The following tables and figures present data on caseloads, expenditures, and recipient characteristics of the AFDC and TANF programs. Trends in national caseloads and expenditures are shown in Figures TANF 1 and TANF 2, and the first set of tables (Tables TANF 1 through 6). These are followed by information on characteristics of AFDC/TANF families (Table TANF 7)5 and a series of tables presenting state-by-state data on trends in the AFDC/TANF program (Tables TANF 8 through 15). These data complement the data on trends in AFDC/TANF recipiency and participation rates shown in Tables IND 3a and IND 4a in Chapter II.
AFDC/TANF Caseload Trends (Tables TANF 1 through TANF 3 and Figure TANF 1). Welfare caseloads have stabilized over the past few years after declining dramatically during the 1990s. In FY 2006, the average monthly number of TANF recipients was 4.7 million persons, down 7 percent from FY 2005. Moreover, this was 62 percent lower than the average monthly AFDC caseload in FY 1996 and the smallest number of people on welfare since 1967. From the peak of 14.2 million in FY 1994, the number of AFDC/TANF recipients dropped by 67 percent to 4.7 million in FY 2007.6 Over four-fifths of the reduction in the caseload since FY 1994 has occurred following the passage of PRWORA in FY 1996. These are the largest welfare caseload declines in the history of U.S. welfare programs.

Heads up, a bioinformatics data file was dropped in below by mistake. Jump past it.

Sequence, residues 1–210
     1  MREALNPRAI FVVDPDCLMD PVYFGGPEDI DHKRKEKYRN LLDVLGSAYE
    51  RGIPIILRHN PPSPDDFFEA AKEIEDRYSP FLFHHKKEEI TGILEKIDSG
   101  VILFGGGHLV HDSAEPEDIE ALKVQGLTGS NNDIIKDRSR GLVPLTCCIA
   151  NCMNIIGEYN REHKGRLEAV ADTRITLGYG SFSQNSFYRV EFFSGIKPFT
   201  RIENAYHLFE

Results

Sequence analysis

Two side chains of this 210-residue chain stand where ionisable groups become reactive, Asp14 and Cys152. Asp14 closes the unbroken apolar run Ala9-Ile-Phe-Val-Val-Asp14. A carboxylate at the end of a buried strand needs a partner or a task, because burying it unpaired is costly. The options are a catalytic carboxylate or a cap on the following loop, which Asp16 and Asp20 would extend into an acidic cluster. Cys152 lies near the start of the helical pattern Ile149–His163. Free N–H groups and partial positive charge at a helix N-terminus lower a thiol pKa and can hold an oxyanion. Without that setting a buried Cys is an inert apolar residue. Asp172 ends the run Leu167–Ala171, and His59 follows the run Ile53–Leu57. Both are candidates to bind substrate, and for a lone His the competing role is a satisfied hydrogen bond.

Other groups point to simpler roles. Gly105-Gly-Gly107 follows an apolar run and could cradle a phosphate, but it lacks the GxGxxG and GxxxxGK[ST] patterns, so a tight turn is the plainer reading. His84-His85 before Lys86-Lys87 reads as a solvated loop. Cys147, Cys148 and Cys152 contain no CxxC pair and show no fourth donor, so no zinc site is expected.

Several studies have attempted to explain the unprecedented decline in caseloads and, specifically, to disentangle the effects of PRWORA and welfare reform from the simultaneous growth in the U.S. economy. Separating these effects is difficult, however, because PRWORA was enacted at a time when the economy was expanding dramatically, offering a uniquely conducive environment within which to move many recipients off the welfare rolls and into the labor market. Other policy changes, most notably expansions in the Earned Income Tax Credit, add further complexity.